Invoice approval: Overview

Invoice approval is accomplished using Workflow services. Most of the work is performed in the document view. Do not confuse invoice approval with invoice verification, which is accomplished using Verification services. Approving an invoice usually involves one or more of the following tasks:

  • Approving invoices by performing tasks such as:
    • confirming that you ordered the goods or services specified on the invoice.
    • checking that the quantity of goods received matches the invoice.
    • confirming that the prices are correct.
  • Account coding.
  • Correcting invoices.
  • Authorizing payment

Workflows are visualized as ordered steps at the bottom of the document view.


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The tasks you perform depend on the roles and processes in your organization. For example, all employees at an organization may be responsible for confirming amounts on their own invoices, but payment authorization and account coding must be performed by accounting or management personnel. Regardless of how your organization is structured, invoice approval can be performed by directing invoices through workflows and using the commands that are found in the Document view when approving or coding and invoice.

There are three kinds of workflows:

  • Coding & Approval - used for account coding and invoice approval.
  • Correction - used for correcting invoices outside of normal workflows.
  • Rejection - used for handling invoices that are rejected using custom reject codes. After an invoice completes a rejection workflow, the document is ready for document approval again, where you can manually assign it to a workflow, if it does not automatically trigger any applicable coding & approval workflows.

If you do not have any Coding & Approval workflows, invoices pass through the workflow service without interaction, unless a correction workflow is triggered. This lets customers take advantage of correction workflows without using workflows for coding and approval.

Workflows consist of steps that must be completed before the workflow is considered complete. You specify the steps when you create a workflow. Conceptually, workflow steps can be divided into two categories:

  • Standard workflow steps - Steps without hierarchies.
  • Workflow steps with hierarchies - Steps that utilize managerial hierarchies and monetary limits to dynamically determine who approves each invoice. There are several types of hierarchical approval steps:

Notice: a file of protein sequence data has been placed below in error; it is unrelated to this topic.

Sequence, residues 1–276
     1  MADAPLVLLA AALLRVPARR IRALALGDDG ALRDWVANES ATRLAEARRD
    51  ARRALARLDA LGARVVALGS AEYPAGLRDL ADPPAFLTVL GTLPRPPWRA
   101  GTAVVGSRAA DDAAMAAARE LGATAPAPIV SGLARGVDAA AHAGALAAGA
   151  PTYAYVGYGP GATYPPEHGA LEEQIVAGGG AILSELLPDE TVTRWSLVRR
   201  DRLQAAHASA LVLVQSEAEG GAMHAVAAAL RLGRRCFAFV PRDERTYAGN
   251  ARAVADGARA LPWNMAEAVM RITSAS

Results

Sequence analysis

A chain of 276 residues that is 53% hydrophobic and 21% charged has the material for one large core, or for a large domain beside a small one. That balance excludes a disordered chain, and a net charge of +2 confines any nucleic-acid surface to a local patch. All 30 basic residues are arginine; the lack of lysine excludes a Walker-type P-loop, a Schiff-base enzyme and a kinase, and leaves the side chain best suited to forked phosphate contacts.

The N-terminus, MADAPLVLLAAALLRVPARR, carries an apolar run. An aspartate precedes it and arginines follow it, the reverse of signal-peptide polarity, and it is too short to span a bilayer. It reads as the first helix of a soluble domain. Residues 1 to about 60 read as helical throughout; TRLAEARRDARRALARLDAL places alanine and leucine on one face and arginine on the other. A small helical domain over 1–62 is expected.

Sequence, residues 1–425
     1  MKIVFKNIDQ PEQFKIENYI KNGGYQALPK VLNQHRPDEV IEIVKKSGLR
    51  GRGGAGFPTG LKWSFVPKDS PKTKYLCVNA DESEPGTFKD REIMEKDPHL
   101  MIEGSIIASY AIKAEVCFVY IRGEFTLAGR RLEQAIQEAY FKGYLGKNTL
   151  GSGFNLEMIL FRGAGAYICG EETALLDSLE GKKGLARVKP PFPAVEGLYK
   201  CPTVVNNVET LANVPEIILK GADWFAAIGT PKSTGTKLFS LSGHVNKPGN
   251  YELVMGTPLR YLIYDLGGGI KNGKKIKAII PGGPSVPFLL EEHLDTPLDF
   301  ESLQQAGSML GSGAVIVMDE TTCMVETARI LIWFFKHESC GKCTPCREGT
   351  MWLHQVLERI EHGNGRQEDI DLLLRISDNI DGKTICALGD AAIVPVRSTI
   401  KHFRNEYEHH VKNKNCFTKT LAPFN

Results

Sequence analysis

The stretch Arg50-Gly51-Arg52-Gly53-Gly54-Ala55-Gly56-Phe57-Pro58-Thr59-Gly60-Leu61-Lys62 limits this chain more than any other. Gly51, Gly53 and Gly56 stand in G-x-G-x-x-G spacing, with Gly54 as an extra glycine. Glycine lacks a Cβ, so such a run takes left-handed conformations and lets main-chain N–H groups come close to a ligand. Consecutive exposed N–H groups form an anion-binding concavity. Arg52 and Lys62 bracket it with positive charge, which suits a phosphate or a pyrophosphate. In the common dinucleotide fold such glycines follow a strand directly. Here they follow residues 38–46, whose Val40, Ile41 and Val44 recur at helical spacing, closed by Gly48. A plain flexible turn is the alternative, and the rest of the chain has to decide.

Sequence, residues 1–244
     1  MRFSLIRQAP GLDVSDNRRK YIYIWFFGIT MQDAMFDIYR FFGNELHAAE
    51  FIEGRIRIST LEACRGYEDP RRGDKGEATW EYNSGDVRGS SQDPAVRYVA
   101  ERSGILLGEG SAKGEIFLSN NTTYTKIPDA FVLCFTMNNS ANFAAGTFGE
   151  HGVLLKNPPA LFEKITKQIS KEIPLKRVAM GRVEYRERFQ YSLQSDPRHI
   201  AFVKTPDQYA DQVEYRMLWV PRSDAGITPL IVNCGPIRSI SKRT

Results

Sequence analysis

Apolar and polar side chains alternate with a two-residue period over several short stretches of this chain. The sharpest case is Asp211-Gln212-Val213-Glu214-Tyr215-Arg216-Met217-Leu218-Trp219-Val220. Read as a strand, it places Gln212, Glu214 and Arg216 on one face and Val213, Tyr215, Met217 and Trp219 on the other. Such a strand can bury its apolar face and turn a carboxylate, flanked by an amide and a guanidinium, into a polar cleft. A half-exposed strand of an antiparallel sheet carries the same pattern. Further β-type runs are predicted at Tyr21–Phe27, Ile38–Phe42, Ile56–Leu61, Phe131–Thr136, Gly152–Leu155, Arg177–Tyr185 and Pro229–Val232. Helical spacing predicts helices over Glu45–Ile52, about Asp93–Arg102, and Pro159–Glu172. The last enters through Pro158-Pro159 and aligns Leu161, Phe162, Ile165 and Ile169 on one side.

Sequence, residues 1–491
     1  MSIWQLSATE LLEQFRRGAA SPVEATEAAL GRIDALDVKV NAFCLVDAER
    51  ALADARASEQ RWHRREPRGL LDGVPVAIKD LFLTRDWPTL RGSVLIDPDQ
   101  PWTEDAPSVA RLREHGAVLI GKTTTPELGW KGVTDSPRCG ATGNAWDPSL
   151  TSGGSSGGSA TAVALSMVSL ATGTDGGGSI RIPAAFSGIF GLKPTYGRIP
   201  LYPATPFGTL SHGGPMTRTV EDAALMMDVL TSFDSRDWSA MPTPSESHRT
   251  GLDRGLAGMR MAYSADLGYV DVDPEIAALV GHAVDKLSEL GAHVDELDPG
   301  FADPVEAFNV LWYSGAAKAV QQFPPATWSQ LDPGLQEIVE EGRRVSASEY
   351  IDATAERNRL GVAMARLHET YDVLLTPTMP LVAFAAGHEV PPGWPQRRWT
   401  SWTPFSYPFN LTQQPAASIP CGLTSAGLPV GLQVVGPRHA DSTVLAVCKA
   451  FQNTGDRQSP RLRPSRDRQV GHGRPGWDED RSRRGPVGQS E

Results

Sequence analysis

• Linear approval

    • Single-point approval

    • Parallel approval - First action

    • Parallel approval - Unanimous

Note that you can use standard steps and steps with hierarchies in the same workflow.

Standard approval workflows (Default)

When creating a workflow for coding and approval, you might create several workflows and use triggers to sort invoices by their total amounts. Assume your organization has this structure:

Linear approval

In the example below, there is a separate workflow for each tier in the hierarchy. Rules determine which workflow an invoices is sent to, based on the invoice amount. Jennifer can approve invoices up to $100, Henry can approve invoices up to $1,000 and so on.



If you have many tiers and approvers in your organization, this can lead to a lot of workflow settings that must be created and maintained. However, the example above can be configured with one workflow using linear approval.

Workflow steps with hierarchies

Workflow steps with hierarchies offer an alternative way to route invoices according to monetary limits that you set on user accounts. Rather than creating multiple workflows, you create only one workflow with Use approval hierarchy selected in at least one step, and in the Approval settings of each user you specify the:

  • Monetary limit - the maximum total amount the user is allowed to approve.
  • Manager - the next approver with a higher monetary limit.

Using workflow steps with hierarchies, all of the workflows in the standard workflow example above can be combined into one workflow.



This example uses a linear approval step, where Jennifer has a monetary limit of $100, and Henry is specified as her manager. Henry has a limit of $1,000, and Tina is specified as his manager and so on.



In the workflow settings, Linear approval is specified in the APPROVAL TYPE setting for Jennifer. Linear approval settings are not applied to Ben, since his role is to confirm all incoming invoices. When Linear approval is selected, ReadSoft Online uses the monetary limit of each user to determine if the user has authority to approve the invoice. If an invoice exceeds the monetary limit of the user, the user still approves the invoice, but it is also escalated to the specified manager for approval. An invoice will continue to escalate in this manner until it reaches a manager whose monetary limit is greater than or equal to the invoice amount.